The Common School Awakening: Religion and the Transatlantic Roots of American Public Education (Hardback)
  • The Common School Awakening: Religion and the Transatlantic Roots of American Public Education (Hardback)
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The Common School Awakening: Religion and the Transatlantic Roots of American Public Education (Hardback)

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£71.00
Hardback 312 Pages
Published: 16/10/2020
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A statue of Horace Mann, erected in front of the Boston State House in 1863, declares him the "Father of the American Public School System." For over a century and a half, most narratives about early American education have taken this epithet as the truth. As Mann looms over the Boston Common, so he has also loomed over discussions of early American schooling. Other scholarship has emphasized economic factors as the main reason for the emergence of public schools. The Common School Awakening offers a new narrative about the rise of public schools in America that counters these conceptions. In this book, David Komline explains how a broad and distinctly American religious consensus emerged in the first half of the nineteenth century, allowing people from across the religious spectrum to cooperate in systematizing and professionalizing America's schools in an effort to Christianize the country. At the height of this movement, several states introduced state-sponsored teacher training colleges and concentrated government oversight of schools in offices such as the one held by Mann. Shortly thereafter, the religious consensus that had served as the foundation for this common school system disintegrated. But the system itself remained, the legacy of not just one man, but of a whole network of reformers who put into motion a transatlantic and transdenominational religious movement - the "Common School Awakening."

Publisher: Oxford University Press Inc
ISBN: 9780190085155
Number of pages: 312
Weight: 600 g
Dimensions: 244 x 165 x 27 mm


MEDIA REVIEWS
Komline's meticulous account will be of interest to scholars of education, religion, and reform. Moreover, its simultaneously sympathetic and analytical approach to reformers' good intentions, mixed achievements, and unintended results - along with its graceful narrative - makes it a quiet pleasure to read. * Catherine O'Donnell, Journal of the History of Childhood and Youth *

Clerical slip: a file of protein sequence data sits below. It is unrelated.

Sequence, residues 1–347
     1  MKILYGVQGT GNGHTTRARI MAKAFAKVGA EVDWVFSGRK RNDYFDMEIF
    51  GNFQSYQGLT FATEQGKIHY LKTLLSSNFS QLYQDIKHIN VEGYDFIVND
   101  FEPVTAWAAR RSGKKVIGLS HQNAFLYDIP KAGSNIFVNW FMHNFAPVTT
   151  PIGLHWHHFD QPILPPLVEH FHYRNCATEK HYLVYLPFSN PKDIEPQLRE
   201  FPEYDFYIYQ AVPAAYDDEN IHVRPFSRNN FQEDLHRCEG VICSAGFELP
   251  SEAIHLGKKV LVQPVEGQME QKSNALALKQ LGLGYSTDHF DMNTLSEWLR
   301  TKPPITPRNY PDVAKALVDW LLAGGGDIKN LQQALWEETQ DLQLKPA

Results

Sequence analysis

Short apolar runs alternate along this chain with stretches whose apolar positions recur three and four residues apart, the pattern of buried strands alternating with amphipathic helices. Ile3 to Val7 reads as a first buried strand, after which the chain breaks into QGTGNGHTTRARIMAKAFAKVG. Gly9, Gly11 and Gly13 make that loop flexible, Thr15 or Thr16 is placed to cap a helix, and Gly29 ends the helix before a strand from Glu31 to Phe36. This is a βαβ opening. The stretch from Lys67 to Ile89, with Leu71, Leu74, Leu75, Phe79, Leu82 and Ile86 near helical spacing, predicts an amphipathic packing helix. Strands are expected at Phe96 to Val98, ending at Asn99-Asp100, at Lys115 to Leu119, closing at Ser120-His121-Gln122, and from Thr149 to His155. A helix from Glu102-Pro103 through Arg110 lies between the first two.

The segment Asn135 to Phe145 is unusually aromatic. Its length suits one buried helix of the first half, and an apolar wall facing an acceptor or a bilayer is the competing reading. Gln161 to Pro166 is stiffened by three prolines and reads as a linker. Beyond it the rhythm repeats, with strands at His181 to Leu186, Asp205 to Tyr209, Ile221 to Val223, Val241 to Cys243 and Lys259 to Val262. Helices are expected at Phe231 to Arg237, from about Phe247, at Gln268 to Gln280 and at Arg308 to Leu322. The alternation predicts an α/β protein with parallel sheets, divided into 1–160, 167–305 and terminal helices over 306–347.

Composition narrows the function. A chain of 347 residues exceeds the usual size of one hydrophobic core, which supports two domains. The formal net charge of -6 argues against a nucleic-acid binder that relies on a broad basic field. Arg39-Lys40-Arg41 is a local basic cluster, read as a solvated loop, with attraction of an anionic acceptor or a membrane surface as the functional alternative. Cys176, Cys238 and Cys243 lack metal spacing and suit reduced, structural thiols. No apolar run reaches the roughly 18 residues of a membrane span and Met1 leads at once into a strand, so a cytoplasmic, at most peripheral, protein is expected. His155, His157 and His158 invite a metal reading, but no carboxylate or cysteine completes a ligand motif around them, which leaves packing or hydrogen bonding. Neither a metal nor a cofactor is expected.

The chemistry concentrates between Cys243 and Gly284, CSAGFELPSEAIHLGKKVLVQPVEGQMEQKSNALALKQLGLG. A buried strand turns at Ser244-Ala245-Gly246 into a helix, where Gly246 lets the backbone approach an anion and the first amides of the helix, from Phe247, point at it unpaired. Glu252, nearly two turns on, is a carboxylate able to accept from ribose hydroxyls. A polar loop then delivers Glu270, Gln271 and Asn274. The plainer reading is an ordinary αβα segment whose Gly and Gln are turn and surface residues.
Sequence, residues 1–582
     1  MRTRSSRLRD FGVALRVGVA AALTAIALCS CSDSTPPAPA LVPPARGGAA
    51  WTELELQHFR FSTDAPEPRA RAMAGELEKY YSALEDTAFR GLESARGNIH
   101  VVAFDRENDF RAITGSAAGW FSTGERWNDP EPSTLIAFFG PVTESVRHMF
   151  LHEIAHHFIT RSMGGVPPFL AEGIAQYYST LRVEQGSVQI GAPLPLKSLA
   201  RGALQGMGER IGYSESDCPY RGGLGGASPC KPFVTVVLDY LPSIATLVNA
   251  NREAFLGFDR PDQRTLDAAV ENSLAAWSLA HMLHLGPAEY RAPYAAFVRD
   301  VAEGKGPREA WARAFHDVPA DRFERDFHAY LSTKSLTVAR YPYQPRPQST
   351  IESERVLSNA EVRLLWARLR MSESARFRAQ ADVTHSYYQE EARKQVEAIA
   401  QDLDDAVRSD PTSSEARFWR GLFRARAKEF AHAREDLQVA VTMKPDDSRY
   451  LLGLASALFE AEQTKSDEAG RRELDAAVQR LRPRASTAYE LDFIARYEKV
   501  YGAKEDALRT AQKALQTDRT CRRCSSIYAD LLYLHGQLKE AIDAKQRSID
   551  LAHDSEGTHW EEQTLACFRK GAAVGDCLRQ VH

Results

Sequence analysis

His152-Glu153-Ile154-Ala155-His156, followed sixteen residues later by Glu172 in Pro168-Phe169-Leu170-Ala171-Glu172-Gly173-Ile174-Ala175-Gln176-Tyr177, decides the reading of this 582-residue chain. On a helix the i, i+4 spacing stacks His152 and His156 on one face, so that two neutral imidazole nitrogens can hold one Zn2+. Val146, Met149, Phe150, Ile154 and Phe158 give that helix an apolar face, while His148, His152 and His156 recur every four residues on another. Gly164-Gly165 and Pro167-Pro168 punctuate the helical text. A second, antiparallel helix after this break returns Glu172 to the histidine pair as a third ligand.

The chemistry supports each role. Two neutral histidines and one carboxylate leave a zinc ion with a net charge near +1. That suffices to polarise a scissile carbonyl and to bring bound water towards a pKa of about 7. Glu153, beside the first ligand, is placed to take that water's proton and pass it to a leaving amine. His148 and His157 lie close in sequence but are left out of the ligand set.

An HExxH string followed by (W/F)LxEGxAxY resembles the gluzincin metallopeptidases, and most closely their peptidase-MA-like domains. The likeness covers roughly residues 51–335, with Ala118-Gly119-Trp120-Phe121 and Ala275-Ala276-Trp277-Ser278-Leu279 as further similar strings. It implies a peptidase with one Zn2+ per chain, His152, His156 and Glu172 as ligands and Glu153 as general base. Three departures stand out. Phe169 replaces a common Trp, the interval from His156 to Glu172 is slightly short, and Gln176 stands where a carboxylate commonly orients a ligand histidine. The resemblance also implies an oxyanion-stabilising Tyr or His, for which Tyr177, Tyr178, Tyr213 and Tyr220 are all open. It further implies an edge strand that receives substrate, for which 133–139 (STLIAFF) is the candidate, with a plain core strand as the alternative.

The Common School Awakening is an extremely valuable book and I recommend it highly to readers of Church History or any historian of religion or of education, especially those interested in the Second Great Awakening and the Common School Revival and the interplay between the two. * James W. Fraser, New York University, Church History *
Though often a component of any understanding of American education, half-truths too often dominate explanations of the common school's birth in the US. In The Common School Awakening, Komline (Western Theological Seminary) sets the record straight on several key misperceptions. ... [H]e provides a critical component to any accurate understanding of the development of the common school specifically, American education generally, and the nation that both helped mold. * J. R. Edwards, CHOICE *
Komline's study brings attention to the under-explored religious dimension of the rise of American public education, and provides much-needed insight into the origins some of the perennial tensions of public education in a pluralistic society. * Ryan David Shelton, New Books Network *
Contemporary discussions of American public schools often involve two dimensions: first, how much better schools are in other parts of the world; second, the divisive intersection of religion and education. David Komline's new book is an essential guide to understanding the roots of those debates, significantly deepening our understanding of the development of the American public-school system in the first part of the nineteenth century * John G. Turner, George Mason University *
The arrival of The Common School Awakening will give historians, education theorists, and policy scholars much to reconsider. Generally considered to have begun in the 1830s in Massachusetts, Komline shows that the common school movement actually had its origins across the Atlantic and at least a generation earlier, before the turn of the nineteenth century. Quite frankly, I am persuaded by the case he makes-and it will change the way I think and write about the rise of common schools in America. Given that debates over public schools in American have in many ways been debates over the nature of democracy and all that it entails, this is no small accomplishment. * Luke Harlow, author of Religion, Race, and the Making of Confederate Kentucky, 1830-1880 *

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